The Benefits of Flexibilty Training
Again, many people head to a flexibility class because they already enjoy stretching and like how they feel after or they’ve experienced an injury and have finally given in to the fact that they ‘should’ stretch. Either way, most students are just looking to feel better. What many find is that the benefits extend far beyond feeling loose and being able to reach a little closer to the toes. Stefan Matte, Founder of StretchOut Studios with locations in Florida, Connecticut and Massachusetts, says that their students unexpectedly find that they prevent injury and build confidence after gaining flexibility. “We see people all the time that were sure they would have injured their ankles in the past if they slipped and fell,” he says, “Because of their increased flexibility they had the range of motion to move safely.”
In addition, NYC-based Pilates and S.O.S. (Stretch Out Stress) instructor, Robin Powell says her students find several benefits after beginning a regular flexibility routine, including:
- Improved posture
- Feeling lighter
- Their clothes fit better
- Breathing improvestest
- They move with more ease in other activities and throughout daily life
- They report better concentration
Weight Loss and Fat Burning Potential
Stretching alone will not drop pounds from your frame but increased flexibility can lead to a healthier lifestyle and the added ease of movement can inspire a desire to workout more in general. “Stretching can help one achieve better alignment and understanding of the body because one tends to feel healthier and look better,” says Powell, “which can inspire one to continue to exercise and eat right.”
One of the biggest impacts flexibility has on weight loss is the reduced stress associated with stretching. Both mental and physical stress levels can shrink as your muscles lengthen and Matte says this helps regulate hormone levels and appetite. “One thing that happens is we are helping the client to change their alignment in gravity making it easier to stand and they have less tension,” he says, “Sometimes they have a low-grade ache. The low grade aches that we accept are the ones that we get over in the long run and if the ache is strong enough, our bodies will release cortisol and this can influence our desires to eat.” Less tension and aches can lead to lower releases of cortisol and a smaller, healthier appetite.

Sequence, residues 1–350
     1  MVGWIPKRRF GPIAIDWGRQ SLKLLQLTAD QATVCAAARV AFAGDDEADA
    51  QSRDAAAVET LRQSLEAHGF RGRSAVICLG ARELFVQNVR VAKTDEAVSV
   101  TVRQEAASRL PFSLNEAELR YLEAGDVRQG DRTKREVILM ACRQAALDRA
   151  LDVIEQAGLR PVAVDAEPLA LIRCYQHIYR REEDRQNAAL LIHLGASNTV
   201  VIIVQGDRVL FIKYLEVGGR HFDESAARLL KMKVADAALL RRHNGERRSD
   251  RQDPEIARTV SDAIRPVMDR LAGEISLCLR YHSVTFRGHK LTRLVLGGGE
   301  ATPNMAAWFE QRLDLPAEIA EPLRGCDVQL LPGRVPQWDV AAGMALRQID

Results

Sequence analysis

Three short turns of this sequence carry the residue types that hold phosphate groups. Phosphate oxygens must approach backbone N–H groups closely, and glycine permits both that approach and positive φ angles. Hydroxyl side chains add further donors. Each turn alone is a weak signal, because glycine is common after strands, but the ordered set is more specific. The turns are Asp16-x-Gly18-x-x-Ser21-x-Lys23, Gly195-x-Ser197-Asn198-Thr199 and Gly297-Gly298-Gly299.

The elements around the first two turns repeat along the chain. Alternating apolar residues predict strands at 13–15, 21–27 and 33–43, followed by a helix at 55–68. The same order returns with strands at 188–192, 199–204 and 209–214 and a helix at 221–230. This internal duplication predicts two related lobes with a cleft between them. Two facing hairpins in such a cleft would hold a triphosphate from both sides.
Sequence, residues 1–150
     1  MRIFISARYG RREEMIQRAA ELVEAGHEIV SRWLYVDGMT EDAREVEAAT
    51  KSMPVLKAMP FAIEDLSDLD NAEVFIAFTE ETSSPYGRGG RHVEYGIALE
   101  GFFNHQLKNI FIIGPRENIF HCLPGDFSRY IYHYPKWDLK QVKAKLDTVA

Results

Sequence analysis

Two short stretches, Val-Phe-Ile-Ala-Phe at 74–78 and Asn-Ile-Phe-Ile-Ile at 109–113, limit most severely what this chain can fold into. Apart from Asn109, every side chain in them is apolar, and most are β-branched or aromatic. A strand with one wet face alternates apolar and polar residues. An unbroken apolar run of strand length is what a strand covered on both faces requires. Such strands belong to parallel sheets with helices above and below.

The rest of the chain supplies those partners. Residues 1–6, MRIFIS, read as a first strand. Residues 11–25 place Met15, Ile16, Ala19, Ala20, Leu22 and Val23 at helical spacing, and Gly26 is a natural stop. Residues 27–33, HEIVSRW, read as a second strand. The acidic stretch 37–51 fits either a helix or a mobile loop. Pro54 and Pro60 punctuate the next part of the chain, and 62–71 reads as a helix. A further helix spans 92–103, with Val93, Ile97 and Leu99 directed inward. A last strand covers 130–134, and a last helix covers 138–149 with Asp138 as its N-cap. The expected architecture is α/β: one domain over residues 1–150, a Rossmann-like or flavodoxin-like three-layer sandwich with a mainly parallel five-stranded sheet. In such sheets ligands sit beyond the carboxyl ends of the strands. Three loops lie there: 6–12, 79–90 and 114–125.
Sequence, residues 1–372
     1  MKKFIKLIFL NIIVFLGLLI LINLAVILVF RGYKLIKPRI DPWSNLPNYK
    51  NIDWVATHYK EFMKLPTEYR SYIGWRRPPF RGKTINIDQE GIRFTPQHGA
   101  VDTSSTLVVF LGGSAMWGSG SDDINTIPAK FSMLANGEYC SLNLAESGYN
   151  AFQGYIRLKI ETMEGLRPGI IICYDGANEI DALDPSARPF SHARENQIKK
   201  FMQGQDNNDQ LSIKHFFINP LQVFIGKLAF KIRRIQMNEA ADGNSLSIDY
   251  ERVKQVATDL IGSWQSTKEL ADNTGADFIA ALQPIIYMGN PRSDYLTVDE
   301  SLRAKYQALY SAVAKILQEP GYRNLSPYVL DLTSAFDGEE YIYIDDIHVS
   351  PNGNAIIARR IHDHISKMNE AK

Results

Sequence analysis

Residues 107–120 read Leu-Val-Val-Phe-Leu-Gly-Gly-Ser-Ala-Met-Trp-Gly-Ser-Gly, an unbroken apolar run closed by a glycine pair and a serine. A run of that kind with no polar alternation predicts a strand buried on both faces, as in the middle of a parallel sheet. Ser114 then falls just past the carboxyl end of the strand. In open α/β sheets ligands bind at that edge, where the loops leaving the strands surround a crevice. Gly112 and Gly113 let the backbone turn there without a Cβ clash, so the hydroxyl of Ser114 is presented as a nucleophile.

Toning and Muscle Building Potential
Just like with weight loss, flexibility can make an impact but the effects are indirect. Matte says the increase in muscle length allows for strength because it improves range of motion and you can target areas of the muscle that were inaccessible when inflexible.
Again, the domino effect of improving your health tends to spill over into all other areas of wellness and Powell says that improved flexibility means improved “alignment, strength and stability” and has a balancing effect on the body (and sometimes mind) so you’re more efficient in all areas of fitness.
Classes: What to expect; should I take them?
As with all fitness classes, a live, in-person class should mean an attentive instructor who can offer adjustments, tips and modifications that you just can’t get at home so if classes work for your schedule, location and budget, give them a try. Some classes or private sessions will even include ‘assisted stretching’ where the instructor is very hands-on to guide you into the correct depth of stretch and sometimes push you further than you could (or would) on your own. You’ll also get the community aspect that just isn’t the same anywhere else – even strong online fitness communities fall short of the face-to-face interaction you get in a group fitness class.